The National Council of Resistance of Iran (NCRI), and the People’s Mujahedin of Iran (PMOI / MEK Iran), reported that the rate of female suicide in Iran has increased as a result of extreme poverty and violence, as government officials and analysts have recognized. The regime’s Deputy for Women and Family Affairs, Massoumeh Ebtekar, however, is in denial of this and declare that “Domestic and social violence against women is not high in our society, and Iran is in a better position than other countries”
Meanwhile, Taghi Rostamvandi, Deputy Interior Minister and Director of the Social Affairs Organization have issued a statement warning about the current situation, saying, “Over the past few years, we have seen an increase in suicides. We have had a 4 percent to 5 percent annual increase in suicide rates.
This year, we have the same statistics as last year. But what is remarkable is that we have a significant change in the range of ages among those who have attempted suicide. Suicide has increased in the last year among those under 18 and over 60.″
According to the National Forensic Medicine Organization, the number of suicide victims increased by 4.2 percent from March to October 2020, relative to the same time last year.
Khalid Tavakoli, a sociologist specializing in social harm, added, “The number of failed suicides is not usually reflected in official statistics, and the number is higher than what is formally announced.”
He also added, “Recently, the suicide rate of married and middle-aged people has been added to the statistics, a worrying trend… We witnessed two suicides in Kurdistan: one was a bride; the other was a 14-year-old girl. Both ended their lives by hanging themselves,” on an interview with the state-run ILNA news agency on 8 June 2020.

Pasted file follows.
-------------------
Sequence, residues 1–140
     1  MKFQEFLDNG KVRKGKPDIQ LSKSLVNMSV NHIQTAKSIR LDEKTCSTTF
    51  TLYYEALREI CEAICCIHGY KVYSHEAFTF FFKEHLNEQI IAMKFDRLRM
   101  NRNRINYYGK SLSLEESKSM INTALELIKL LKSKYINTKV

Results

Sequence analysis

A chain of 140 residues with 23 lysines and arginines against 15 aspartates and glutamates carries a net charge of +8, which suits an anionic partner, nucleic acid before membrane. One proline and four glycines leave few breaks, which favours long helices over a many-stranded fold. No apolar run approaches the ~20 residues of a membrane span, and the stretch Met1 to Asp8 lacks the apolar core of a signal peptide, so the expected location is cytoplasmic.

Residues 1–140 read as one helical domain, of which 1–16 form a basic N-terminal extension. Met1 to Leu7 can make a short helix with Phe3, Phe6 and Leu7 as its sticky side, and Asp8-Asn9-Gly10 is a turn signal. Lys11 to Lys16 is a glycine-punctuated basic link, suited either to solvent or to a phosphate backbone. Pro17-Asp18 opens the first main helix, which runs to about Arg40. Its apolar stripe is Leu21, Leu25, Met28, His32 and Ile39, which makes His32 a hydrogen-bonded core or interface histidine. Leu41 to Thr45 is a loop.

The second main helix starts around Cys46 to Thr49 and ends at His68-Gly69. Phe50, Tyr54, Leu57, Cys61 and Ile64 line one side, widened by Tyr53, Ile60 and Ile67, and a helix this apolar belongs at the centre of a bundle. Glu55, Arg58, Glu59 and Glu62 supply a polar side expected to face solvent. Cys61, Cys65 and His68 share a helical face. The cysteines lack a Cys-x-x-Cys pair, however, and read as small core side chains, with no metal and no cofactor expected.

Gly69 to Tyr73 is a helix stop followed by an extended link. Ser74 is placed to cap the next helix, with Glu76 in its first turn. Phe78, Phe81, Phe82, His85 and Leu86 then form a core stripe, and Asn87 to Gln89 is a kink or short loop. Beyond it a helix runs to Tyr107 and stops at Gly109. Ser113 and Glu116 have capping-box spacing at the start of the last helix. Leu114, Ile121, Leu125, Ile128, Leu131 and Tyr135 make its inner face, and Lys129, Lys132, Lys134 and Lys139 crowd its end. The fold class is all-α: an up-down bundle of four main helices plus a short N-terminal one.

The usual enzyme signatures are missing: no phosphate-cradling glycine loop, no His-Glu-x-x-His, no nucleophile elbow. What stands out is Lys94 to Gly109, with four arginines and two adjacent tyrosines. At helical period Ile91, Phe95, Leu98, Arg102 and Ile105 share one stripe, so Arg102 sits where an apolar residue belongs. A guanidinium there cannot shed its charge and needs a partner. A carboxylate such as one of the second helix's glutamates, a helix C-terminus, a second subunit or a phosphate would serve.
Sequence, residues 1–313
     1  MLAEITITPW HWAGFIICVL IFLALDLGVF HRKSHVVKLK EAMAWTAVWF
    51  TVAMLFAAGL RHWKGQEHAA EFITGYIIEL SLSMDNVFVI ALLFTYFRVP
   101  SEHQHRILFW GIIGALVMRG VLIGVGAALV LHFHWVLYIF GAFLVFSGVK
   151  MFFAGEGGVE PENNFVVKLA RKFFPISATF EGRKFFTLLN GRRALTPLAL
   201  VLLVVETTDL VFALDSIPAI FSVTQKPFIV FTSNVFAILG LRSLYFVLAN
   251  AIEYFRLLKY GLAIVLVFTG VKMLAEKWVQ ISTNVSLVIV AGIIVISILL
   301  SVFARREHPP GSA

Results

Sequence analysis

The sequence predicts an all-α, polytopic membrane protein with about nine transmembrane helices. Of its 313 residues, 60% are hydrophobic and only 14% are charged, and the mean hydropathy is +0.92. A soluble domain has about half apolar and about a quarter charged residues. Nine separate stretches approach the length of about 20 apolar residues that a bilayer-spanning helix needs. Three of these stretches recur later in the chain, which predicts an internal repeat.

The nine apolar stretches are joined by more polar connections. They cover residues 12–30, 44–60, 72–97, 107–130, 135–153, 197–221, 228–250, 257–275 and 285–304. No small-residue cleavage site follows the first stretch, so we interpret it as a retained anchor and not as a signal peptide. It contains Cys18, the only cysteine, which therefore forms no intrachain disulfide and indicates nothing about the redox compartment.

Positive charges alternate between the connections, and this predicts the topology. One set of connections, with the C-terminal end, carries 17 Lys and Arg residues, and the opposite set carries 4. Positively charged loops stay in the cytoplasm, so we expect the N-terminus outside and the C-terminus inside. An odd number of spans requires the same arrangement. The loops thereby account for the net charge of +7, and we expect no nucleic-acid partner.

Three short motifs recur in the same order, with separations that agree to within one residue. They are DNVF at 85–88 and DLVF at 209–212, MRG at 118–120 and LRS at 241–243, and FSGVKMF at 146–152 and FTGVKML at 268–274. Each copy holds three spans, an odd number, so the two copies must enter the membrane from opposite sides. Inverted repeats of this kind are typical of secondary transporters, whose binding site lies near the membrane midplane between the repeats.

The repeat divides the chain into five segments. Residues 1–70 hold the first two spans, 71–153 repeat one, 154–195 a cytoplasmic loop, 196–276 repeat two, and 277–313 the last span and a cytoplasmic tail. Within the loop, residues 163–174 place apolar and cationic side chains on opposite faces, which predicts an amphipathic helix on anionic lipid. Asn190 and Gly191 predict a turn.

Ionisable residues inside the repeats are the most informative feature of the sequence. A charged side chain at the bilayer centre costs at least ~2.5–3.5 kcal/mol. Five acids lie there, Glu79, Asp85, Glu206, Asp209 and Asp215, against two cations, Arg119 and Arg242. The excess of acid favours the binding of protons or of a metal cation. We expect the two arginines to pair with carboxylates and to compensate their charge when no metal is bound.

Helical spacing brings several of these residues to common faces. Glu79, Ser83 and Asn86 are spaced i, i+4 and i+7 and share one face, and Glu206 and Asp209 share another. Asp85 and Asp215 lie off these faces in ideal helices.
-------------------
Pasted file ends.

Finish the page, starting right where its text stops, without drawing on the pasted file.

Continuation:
The state-run Khabarban news agency wrote on 15 February, “An 11-year-old schoolgirl from the village of Deh Ghazi in Dishmuk district hanged herself and died. Her father was poor and had no means of income, and the sixth-grader was facing financial difficulties and poverty.”
After giving rice pills to her 9-year-old son, a mother in Zarand City committed suicide by ingesting them. Another case was the one of Mahsa, a 13-year-old girl from Gachsaran, who committed suicide by jumping off a bridge. In Gorgan, two adolescent girls attempted suicide by leaping off a pedestrian bridge.
These are examples that are reflected in the suicide figures among Iranian women.
The mullahs’ extortion and continuous corruption and misappropriation have caused Iran’s widespread poverty and the increasing incidence and number of suicides.
According to an Iranian economist, sixty million Iranians live in extreme poverty as a result of the regime’s systemic lack of economic control. Ibrahim Razaghi, declaring on Tabnak, a regime-affiliated website, wrote, “the most important threat to Iran was extreme poverty, widespread unemployment, the inability of many people to pay their rent, and that the rich were getting richer.”
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